At a recent corporate meditation, I drew out a graph on a white board, following something that I believe I heard from Shohaku: the horizontal axis was time, the vertical axis measured from ‘lots-of-thinking’ to ‘asleep’. He said that we usually flow between the two ends of these (I thought afterward: in life, not just in meditation), and motioned a sine wave with his hands; at our best moments, he said, we get closer to the midpoint of the axis, which is relaxed awareness. I drew out how sleepy my lunchtime sit had been that day, after a general lack of sleep at Wilbur – the first half hour was right down at the sleepy end, though once the sun had gone behind a building and left me feeling a little chilly, I felt more alert for the second half.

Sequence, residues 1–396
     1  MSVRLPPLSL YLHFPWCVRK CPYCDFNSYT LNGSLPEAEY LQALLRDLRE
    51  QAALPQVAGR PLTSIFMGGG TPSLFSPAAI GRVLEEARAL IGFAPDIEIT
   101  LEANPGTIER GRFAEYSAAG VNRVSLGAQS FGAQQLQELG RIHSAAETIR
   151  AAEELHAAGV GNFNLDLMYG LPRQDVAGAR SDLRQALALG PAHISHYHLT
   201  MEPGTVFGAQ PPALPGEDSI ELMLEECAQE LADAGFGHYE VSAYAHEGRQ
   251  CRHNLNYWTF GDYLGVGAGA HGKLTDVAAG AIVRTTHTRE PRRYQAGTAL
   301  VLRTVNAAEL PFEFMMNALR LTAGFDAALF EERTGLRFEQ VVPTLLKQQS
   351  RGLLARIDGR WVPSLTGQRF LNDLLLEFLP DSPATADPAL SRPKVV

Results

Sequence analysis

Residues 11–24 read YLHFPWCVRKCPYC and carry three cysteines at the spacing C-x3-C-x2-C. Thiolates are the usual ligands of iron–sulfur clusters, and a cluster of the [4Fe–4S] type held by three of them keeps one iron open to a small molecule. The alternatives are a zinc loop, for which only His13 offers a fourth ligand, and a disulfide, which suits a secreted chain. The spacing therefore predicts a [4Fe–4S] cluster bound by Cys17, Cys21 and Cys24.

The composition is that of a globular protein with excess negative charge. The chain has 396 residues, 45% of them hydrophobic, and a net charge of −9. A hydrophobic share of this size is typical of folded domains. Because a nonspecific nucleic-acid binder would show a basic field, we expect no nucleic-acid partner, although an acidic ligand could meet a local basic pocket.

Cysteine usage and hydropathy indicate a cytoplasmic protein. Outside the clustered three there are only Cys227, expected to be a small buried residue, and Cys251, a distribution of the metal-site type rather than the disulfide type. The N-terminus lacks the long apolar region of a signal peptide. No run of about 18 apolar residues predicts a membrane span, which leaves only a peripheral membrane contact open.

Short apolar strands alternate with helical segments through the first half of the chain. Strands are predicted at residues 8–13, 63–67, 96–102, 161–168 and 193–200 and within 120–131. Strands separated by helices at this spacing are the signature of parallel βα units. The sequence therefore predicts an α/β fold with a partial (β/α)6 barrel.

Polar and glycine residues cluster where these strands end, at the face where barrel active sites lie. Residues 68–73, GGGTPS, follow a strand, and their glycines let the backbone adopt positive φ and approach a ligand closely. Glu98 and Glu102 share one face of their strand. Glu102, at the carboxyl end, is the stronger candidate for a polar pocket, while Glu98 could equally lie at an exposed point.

After our short sit at the company, I asked the participants to draw their own graphs, and everyone joined in very honestly. There was a noticeable dip at half-way for a few people – perhaps the settling in the room had promoted a little mid-afternoon drowsiness.
I have signed up for the one-day sitting on Saturday at Zen Center. It seemed like a good time to do another one: apart from the ones I lead in England, I haven’t really done one since I left Zen Center – and I had a little laugh on using the booking software. It asked me if this was my first one-day sitting, and I replied ‘ha, ha – no.’ I long ago lost count of how many of them I did in my years at City Center, but I would guess at more than fifty.
If I were to draw a graph of my levels of wakefulness for all of them, the trend would be for a mid-afternoon drowsiness as well. Except for the years I was ino, and responsible for all the arrangements (you can read about such things here and here). Then, the afternoon became the time that things had usually settled down enough that I could actually relax into sitting, and they became the best sits I had during that time. I hope I have no responsibilities on Saturday, and that I get at least one moment which feels as good as the brief sit on Sunday evening at Wilbur did.